Never mind that stocking the lakes with trout that don’t reproduce has been going on for generations and that studies show there’s not a lick of ecological effects.

      But the National Park Service decided Congress should make a decision on whether to continue stocking.

      Congress didn’t, so now environmental purists are on their high horse saying they’ll kill any stocked trout put in any North Cascades lakes.

      Like I said, I’ve never been fishing, but for the life of me I don’t get the mean-spirited point of being an environmental butt-head toward folks who hurt nothing by making one of life’s simple pleasures available in one of the most beautiful areas on Earth.

      Have something to say to Ken? You can e-mail him at

    • #86544
      Brian Curtis

      The author of this article at National Parks Traveler call Chip Jenkins and got a bunch of new quotes. This is required reading for anyone interesting in hearing the Park Service’s side of this issue.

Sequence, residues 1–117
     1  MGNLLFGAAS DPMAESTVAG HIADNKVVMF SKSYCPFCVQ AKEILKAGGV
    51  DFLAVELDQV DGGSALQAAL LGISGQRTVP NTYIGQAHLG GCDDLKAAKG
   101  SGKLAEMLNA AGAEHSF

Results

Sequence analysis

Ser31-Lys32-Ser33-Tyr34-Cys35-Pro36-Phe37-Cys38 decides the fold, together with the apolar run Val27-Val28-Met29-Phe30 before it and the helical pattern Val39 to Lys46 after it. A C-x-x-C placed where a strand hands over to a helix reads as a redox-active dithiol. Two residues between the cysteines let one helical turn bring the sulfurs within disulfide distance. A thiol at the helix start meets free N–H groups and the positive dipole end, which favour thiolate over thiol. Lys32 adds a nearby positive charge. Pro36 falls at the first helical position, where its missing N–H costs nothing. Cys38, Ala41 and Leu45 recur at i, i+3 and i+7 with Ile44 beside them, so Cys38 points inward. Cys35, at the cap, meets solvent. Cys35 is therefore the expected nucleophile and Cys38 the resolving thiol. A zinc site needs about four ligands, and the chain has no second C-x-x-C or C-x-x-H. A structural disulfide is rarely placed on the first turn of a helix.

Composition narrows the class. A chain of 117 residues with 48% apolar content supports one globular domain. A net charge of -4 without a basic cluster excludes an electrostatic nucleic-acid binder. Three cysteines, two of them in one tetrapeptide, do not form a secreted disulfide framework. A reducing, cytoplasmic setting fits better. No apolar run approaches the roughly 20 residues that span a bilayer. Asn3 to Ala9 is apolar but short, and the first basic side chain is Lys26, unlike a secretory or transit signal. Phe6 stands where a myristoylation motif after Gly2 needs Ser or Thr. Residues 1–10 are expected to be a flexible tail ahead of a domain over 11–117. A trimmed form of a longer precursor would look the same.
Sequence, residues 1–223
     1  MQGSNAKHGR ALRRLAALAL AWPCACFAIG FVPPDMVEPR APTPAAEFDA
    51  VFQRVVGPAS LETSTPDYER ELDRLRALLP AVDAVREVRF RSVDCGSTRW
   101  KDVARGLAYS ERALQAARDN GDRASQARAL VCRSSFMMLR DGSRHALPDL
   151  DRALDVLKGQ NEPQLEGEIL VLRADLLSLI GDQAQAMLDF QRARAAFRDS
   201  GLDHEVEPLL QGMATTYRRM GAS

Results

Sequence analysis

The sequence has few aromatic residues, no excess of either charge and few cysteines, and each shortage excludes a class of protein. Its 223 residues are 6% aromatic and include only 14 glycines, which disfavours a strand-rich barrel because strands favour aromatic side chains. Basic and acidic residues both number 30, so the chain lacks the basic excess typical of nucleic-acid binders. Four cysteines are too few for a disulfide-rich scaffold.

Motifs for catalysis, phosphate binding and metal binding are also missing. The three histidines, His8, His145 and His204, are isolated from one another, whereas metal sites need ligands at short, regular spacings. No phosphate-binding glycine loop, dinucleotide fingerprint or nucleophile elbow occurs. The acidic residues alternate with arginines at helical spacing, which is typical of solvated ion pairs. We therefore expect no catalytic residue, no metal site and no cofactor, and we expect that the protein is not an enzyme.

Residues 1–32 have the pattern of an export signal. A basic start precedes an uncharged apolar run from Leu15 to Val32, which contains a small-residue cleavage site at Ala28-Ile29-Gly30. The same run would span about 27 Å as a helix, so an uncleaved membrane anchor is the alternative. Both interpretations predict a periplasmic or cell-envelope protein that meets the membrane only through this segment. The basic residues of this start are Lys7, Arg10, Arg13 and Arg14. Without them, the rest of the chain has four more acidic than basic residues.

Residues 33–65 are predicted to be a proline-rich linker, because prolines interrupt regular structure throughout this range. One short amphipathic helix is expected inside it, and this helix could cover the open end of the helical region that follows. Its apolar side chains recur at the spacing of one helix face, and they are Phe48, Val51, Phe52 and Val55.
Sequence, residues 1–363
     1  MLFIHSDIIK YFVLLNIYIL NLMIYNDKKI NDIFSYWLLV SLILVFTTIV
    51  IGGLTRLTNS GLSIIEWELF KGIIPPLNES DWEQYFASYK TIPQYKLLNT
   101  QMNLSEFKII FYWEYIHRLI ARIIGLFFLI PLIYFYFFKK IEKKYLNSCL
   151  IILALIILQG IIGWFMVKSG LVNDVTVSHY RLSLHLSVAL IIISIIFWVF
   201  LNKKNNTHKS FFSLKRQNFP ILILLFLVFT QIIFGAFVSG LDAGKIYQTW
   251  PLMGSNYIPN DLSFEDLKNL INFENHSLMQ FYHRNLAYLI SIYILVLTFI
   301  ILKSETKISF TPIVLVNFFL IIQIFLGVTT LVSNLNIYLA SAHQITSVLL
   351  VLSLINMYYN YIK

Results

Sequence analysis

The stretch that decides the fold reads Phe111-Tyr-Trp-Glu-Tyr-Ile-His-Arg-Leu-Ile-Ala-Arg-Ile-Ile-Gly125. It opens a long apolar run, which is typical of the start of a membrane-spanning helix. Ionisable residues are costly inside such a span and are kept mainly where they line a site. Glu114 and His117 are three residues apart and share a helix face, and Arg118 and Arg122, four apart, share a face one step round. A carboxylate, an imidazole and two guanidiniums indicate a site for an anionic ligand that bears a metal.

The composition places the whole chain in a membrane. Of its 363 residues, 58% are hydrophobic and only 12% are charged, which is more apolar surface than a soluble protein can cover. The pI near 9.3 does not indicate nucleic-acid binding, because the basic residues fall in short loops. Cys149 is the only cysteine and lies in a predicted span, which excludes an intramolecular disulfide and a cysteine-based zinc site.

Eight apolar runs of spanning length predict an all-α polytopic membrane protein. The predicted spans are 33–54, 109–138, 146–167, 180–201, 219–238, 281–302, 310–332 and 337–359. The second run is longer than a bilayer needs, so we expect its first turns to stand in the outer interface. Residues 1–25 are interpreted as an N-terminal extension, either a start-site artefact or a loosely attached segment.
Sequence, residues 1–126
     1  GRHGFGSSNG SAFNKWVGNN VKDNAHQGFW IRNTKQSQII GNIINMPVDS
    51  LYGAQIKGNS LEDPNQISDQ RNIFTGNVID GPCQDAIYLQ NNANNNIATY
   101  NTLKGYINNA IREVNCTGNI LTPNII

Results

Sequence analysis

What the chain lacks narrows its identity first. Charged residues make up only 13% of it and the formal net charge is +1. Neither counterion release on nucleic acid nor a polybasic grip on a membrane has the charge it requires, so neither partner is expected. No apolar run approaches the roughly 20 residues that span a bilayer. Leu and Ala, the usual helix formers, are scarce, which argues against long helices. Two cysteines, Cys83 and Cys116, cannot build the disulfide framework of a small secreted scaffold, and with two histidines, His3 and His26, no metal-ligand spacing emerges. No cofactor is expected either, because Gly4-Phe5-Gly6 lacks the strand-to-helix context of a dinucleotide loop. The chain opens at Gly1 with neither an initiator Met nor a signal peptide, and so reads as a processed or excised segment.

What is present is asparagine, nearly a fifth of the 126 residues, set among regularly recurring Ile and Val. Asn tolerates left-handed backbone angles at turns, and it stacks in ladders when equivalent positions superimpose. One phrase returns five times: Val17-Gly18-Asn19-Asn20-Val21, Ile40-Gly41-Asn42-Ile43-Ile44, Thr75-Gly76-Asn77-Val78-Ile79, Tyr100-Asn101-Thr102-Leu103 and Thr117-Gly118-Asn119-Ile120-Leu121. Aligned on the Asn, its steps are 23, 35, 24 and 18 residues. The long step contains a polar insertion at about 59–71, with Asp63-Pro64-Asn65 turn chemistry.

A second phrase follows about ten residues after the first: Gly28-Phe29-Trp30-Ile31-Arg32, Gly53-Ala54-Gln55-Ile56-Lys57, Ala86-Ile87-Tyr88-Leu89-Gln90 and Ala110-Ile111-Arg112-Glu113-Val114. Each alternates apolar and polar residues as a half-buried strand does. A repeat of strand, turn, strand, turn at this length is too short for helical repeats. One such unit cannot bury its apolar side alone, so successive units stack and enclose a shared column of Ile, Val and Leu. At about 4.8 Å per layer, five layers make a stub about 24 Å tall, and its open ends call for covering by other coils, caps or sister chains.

The most troubling and revealing quote from this article is this one concerning what the effect would be if fish stocking authorization occurs after 1 July: “If passage comes after July 1, it could create some tense moments for the Park Service.”

    • #86545
      Ken Masel

      In addition, Dori Monson on KIRO FM talked about the subject and interviewed Chip Jenkins who tried to explain the Park’s position and reasoning.

    • #86546
      Larry Anderson

      Thanks for setting the Dori Monson show up for us to listen. If you go about 4/5 of the way through will can hear my little rant. I had so many things to say, all written down. but at least I got a couple points across. Sounds like we need to put pressure on the NCNP.

    • #86547
      Minda Paul

      The PI article was printed in the most recent edition of Cascadia Weekly, a free community paper read by residents of Whactom County.


      Way to get the word spread Sandy!

    • #86548

      I think if the park has a boggle with high lakes trout. The should not kill all of them butshould just not continue to plant. All of the lakes i have packed into the fish seem self sustaining. I t would be more cost effective for the state ane us outdoorsmen would still be able to enjoy it and possibly have a more effective roll in high alpine fisheries.

    • #86549
      Brian Curtis